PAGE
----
United States District Court, S.D. Illinois
IN RE YASMIN AND YAZ (DROSPIRENONE) MARKETING, SALES PRACTICES AND PRODUCTS LIABILITY LITIGATION Susan Galinis, et al.
Bayer Corporation, et al. No. 3:09-cv-20079-DRH-PMF MDL No. 2100
R. Herndon, Judge.
matter is before the Court on the plaintiffs' motion to
compel Bayer to produce witnesses for deposition and to
respond to discovery (Doc. 24, Doc. 25). Specifically,
plaintiffs seek to compel the depositions of Bayer's
employees under Federal Rule of Civil Procedure 30(b)(6)
regarding Bayer's communication with Mrs. Galinis'
treating healthcare organization. Plaintiffs also seek to
compel responses to their Requests for Admissions (Sets 1-3)
and Special Interrogatory No. 5, or, in the alternative, to
have the matters in the requests for admissions deemed
admitted. If the requested discovery is found not to be
case-specific and is therefore denied in accord with CMO 83,
plaintiffs seek leave to conduct the discovery. Based on the
record and on the limitations established under CMO 83, the
Court ORDERS as follows:
plaintiff, Susan Galinis, was prescribed, dispensed and
ingested Yasmin in April 2008 for the off-label treatment of
her endometriosis. The prescribing physician was Mary
Co-Asino M.D., a Kaiser Permanente Fremont doctor. Shortly
thereafter, Mrs. Galinis suffered an acute stroke, requiring
surgical intervention and removal of a portion of her skull
to accommodate severe swelling. Mrs. Galinis was a patient of
Kaiser Permanente, an integrated managed care consortium.
Kaiser Permanente does not permit pharmaceutical companies to
make direct contact with its physicians. Mrs. Galinis
contends (1) Bayer strategically marketed Yasmin to Kaiser
Permanente with intentions of reaching Kaiser physicians; (2)
Bayer's marketing of Yasmin to Kaiser included several
off-label uses; and (3) this Kaiser Permanente-specific
marketing strategy goes directly to her claims pertaining to
causation and the overpromotion of Yasmin for off-label use.
Prior Discovery and CMO 83
multidistrict litigation was created in the fall of 2009. The
litigation quickly ballooned to include thousands of cases.
At its height, this multidistrict litigation included nearly
12, 000 files with multiple plaintiffs per file and was
declared the largest multidistrict litigation in the nation.
By February 2015, after more than five years of litigation,
thousands of cases had been resolved, reducing the number of
pending files from nearly 12, 000 to approximately 3, 400
(MDL 2100 Doc. 3634 p. 1).
February 13, 2015, the Court entered CMO 70 announcing the
Court's plan for addressing the remaining unresolved
cases (MDL 2100 Doc. 3634). CMO 70 provided that generic fact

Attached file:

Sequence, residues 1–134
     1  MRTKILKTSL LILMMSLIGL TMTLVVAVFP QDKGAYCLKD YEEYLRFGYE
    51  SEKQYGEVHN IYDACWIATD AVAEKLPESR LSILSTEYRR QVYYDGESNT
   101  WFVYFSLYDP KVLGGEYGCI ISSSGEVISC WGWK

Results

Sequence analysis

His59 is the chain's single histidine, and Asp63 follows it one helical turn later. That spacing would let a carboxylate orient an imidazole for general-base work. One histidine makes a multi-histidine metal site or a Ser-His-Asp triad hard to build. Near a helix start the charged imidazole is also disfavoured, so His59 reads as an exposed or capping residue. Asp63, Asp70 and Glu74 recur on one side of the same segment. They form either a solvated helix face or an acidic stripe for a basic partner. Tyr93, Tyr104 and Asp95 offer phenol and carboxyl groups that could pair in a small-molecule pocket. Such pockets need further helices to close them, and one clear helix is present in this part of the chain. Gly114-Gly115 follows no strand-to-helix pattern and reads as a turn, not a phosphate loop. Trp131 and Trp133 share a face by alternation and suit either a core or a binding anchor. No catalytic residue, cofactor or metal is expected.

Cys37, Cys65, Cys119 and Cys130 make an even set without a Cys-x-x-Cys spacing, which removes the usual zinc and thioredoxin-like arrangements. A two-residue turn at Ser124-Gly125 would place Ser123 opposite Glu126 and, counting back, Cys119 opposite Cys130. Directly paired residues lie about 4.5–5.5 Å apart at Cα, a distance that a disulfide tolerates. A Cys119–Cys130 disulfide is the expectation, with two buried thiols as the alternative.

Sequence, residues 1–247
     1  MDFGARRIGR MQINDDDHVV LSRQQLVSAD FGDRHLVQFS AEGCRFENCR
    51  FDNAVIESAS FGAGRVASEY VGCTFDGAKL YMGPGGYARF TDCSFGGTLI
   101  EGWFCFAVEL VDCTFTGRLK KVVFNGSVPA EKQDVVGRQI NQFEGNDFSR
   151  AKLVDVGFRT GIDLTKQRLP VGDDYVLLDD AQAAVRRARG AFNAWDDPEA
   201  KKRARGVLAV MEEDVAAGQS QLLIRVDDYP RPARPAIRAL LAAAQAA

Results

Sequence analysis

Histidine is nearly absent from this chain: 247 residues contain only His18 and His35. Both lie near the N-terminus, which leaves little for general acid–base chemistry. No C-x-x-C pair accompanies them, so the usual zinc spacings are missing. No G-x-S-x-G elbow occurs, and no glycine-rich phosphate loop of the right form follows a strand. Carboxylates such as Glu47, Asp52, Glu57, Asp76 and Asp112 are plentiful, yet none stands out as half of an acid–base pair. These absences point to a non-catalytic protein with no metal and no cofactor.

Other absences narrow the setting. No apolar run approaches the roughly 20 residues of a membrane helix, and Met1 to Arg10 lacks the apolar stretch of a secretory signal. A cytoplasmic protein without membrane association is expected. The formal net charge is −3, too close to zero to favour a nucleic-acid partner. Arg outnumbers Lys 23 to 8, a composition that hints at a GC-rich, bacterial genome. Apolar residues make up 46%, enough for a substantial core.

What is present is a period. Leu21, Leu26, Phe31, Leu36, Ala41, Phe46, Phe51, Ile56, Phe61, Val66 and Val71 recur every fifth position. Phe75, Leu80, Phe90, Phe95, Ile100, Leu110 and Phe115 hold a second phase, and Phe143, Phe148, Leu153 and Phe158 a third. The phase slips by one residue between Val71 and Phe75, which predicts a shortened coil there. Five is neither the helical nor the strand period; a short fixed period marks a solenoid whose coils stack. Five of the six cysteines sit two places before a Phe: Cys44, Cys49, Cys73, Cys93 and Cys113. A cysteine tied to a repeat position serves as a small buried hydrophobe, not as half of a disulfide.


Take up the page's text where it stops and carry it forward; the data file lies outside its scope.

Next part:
discovery would close in April 2015. Id. When
generic fact discovery drew to a close in April 2015, Bayer
had produced more than 120 million pages of documents and
Bayer witnesses had sat for 170 days of deposition testimony.
This exhaustive discovery included production of documents
and witnesses addressing Bayer's preclinical, clinical,
and post-marketing development programs for Yasmin and YAZ;
regulatory matters related to Yasmin and YAZ; Bayer's
sales and marketing of Yasmin and YAZ; and Bayer's drug
safety programs and adverse event reporting related to Yasmin
August 3, 2015, the parties announced a settlement program
for arterial thromboembolism (“ATE”) (MDL 2100
Doc. 3786). Plaintiffs who elected not to participate in or
who were not eligible to participate in the ATE settlement
program were subject to CMOs 78 or 79 and, eventually,
non-participating plaintiffs with unresolved actions became
subject to CMO 83. CMO 83 was entered with the purpose of
establishing a schedule for the efficient progress of
remaining cases that would be prepared for trial. CMO 83
allowed for certain case-specific fact discovery. However, in
light of the extensive generic discovery that had already
taken place, CMO 83 limited additional discovery efforts to
the case-specific discovery identified in CMO 83, absent
prior leave of court.
30(b)(6) Deposition Notice
seek an order compelling deposition testimony from Bayer on
ten topics related to its sales and marketing practice
specific to Kaiser Permanente Fremont (Doc. 27-1). The Court
finds that the subject Rule 30(b)(6) topics duplicate
previous depositions. As outlined in Bayer's briefing,
California plaintiffs' counsel previously deposed Kevin
Kramer, the former Kaiser account director. Mr. Kramer was
deposed for two days in 2011 regarding the same topics that
are the subject of the present Rule 30(b)(6) deposition
notice. The minor issues raised by the plaintiffs regarding
Mr. Kramer's deposition testimony do not warrant another
deposition on the same topics. The plaintiffs' deposition
topics were also covered during the 30(b)(6) deposition of
Bayer employee Rusty Thomas for a full day in 2010 (in
addition to three days of individual testimony). Finally, the
plaintiffs recently served a subpoena on a former Bayer
employee who worked on the Kaiser account (Doc. 27-7).
the prior testimony already available to the plaintiffs'
and the upcoming deposition of the former Bayer employee who
worked on the Kaiser account, the Court finds that ...